Is NOTHING sacred? Fury as Sunak plans to tax communion wine

Is NOTHING sacred? Fury as church leaders slam Rishi Sunak’s plans to tax communion wine

  • Fortified wine used in church will be more expensive due to new alcohol tax
  • This will affect many communion wines, which are around 12-15 per cent ABV
  • Canon law in both the Church of England and the Roman Catholic Church stipulates that communion wine must be the fermented juice of the grape 
  • It was hailed as a budget for booze, but it appears one thing is not sacred in Rishi Sunak‘s plans: communion wine. 

    The fortified drink used in church services will become more expensive as the new rules will see alcohol taxed on the basis of its strength.

    Last week the Chancellor admitted that ‘some drinks, like stronger red wines, fortified wines or high-strength white ciders will see a small increase in their rates because they are currently undertaxed given their strength’.

    This will affect many communion wines, which are around 12-15 per cent alcohol by volume (ABV).

    The move bemused Rev Linda Williams of St Peter & St Paul’s church in Hertfordshire. ‘Having stepped up to fill the gaps in local social need during the pandemic, churches are being walloped with more tax on the fortified wine necessary for Holy Communion. That’s gratitude for you,’ she said in a letter to The Times.

    Wine used in church services will become more expensive as the new rules will see alcohol taxed on the basis of its strength and will affect communion wines, which are around 12-15 per cent ABV (stock imahe)

    Wine used in church services will become more expensive as the new rules will see alcohol taxed on the basis of its strength and will affect communion wines, which are around 12-15 per cent ABV (stock imahe)

    Canon law in both the Church of England and the Roman Catholic Church stipulates that communion wine must be the fermented juice of the grape, according to the Church Times.

    Churches often serve alcoholic wine that has been fortified, which means that distilled spirit has been added to boost the alcohol volume. The high alcohol content can help preserve the wine and prevent it spoiling.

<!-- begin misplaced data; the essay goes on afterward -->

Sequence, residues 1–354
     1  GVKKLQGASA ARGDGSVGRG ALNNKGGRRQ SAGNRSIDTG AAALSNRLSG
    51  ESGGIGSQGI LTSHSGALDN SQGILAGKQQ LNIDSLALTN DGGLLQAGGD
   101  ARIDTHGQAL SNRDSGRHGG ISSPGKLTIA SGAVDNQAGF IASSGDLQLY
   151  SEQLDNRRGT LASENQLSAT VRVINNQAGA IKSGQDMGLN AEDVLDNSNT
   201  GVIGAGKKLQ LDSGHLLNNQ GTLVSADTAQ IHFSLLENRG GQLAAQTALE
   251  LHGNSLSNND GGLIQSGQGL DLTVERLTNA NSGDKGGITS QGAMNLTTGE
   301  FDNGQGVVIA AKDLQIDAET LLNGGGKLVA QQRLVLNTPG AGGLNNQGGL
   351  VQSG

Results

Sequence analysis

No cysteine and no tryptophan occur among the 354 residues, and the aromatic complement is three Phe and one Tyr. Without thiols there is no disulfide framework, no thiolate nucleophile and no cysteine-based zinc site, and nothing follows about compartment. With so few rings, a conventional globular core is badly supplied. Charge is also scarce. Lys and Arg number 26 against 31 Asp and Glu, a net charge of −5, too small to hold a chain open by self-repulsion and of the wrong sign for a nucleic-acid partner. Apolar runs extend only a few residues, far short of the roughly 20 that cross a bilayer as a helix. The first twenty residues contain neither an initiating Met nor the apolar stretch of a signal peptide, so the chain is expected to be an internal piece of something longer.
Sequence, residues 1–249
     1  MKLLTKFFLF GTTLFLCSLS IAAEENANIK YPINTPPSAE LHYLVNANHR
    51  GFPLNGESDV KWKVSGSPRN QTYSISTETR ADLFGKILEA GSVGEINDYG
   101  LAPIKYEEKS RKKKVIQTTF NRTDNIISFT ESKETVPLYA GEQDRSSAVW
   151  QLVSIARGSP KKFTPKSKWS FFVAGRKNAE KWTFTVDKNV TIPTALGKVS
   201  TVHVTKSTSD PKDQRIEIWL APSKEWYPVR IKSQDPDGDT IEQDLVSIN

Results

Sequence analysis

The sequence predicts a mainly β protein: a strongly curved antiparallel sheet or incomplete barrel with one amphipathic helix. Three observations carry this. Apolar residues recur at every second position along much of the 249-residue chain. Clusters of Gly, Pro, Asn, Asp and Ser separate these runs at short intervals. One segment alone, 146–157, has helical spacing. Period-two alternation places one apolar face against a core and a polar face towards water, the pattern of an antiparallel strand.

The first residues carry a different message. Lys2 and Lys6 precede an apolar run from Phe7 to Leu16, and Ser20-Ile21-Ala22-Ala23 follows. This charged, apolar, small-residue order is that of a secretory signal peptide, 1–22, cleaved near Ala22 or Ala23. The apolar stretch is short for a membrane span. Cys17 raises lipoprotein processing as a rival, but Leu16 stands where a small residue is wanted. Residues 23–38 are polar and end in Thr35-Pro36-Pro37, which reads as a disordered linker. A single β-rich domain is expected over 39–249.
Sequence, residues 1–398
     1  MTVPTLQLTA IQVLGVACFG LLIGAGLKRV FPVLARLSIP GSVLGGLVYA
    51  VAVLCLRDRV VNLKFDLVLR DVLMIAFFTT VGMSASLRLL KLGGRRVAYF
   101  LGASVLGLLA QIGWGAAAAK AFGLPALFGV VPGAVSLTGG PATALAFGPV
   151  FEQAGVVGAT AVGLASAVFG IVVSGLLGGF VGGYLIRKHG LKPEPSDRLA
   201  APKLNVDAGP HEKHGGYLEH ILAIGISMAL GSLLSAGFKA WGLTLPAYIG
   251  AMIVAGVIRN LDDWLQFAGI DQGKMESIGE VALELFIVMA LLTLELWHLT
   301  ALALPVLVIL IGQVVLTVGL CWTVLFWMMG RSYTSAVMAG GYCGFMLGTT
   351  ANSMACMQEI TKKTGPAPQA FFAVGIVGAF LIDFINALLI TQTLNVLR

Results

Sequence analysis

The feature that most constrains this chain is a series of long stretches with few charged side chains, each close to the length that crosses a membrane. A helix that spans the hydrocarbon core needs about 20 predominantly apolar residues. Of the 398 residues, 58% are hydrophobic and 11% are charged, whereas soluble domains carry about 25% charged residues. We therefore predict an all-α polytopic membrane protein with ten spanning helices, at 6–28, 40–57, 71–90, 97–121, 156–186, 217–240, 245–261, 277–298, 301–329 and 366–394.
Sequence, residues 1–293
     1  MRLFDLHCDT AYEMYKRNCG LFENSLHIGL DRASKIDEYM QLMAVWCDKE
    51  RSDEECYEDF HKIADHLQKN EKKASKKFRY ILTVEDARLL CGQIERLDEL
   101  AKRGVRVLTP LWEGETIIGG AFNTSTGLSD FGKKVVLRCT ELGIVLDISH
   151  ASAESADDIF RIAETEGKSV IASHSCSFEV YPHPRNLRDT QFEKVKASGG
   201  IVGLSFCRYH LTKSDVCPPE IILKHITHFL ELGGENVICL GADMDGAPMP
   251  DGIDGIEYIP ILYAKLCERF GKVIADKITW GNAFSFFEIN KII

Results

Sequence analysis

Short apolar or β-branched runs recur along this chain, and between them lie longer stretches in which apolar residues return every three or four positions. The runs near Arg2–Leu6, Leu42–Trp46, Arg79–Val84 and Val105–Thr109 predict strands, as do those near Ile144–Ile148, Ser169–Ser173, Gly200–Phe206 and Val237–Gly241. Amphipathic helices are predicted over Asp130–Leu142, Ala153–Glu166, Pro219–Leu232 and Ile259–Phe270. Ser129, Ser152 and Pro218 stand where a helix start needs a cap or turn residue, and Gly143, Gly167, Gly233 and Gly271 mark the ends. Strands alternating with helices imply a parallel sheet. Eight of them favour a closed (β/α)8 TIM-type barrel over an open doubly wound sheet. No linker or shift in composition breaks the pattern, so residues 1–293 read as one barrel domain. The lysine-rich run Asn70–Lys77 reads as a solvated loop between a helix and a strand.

Fergus Butler-Gallie, a clergyman in the diocese of London and a writer, said it was also to do with hygiene. 

    ‘It’s not some mad Old Testament rule that you must have the blood of 15 goats sacrificed into 18.7 per cent ABV. It’s about hygiene,’ he said. ‘The higher the alcohol content, the more likely you are to reduce germs.’

    But Mark Lansley, CEO of Broadland Drinks, one of the UK’s largest wholesalers of communion wine, suggested his firm could lower the wine’s strength. 

    ‘Unless there is a religious reason forbidding it, we should be able to make our alcoholic communion wine at 8 per cent ABV, which will reduce the duty rate,’ he said. ‘I don’t think God would mind if it was 8 per cent ABV rather than 15 per cent.’

    Teetotal Mr Sunak (pictured) said he wanted to make the system 'simpler, fairer and healthier', with lower-strength drinks such as beers, sparkling and rosé wines and fruit cider taxed less

    Teetotal Mr Sunak (pictured) said he wanted to make the system ‘simpler, fairer and healthier’, with lower-strength drinks such as beers, sparkling and rosé wines and fruit cider taxed less

    Last week, teetotal Mr Sunak said he wanted to make the system ‘simpler, fairer and healthier’, with lower-strength drinks such as beers, sparkling and rosé wines and fruit cider taxed less.

    But stronger reds, fortified wines and higher-strength ciders will see an increase in tax when the new system starts in 2023. 

    Miles Beale of the Wine and Spirit Trade Association, criticised the plans, saying: ‘It will distort the market: a 15 per cent ABV wine will pay 25 per cent more duty than a wine at 12 per cent ABV (more than 60p a bottle) and will be complicated to administer.’

    He added: ‘If the Government wants to make things fairer and push consumers to make healthier choices, then per unit costs should be the same irrespective of drink category. It looks like a mistake to cut tax on high-strength, high-calorie beers and ciders and even less sense to penalise still wine, three-quarters of which will be taxed more and which is lower in calories.’

    Last night a Treasury spokesperson said: ‘We are overhauling the UK’s outdated alcohol duty rules.’

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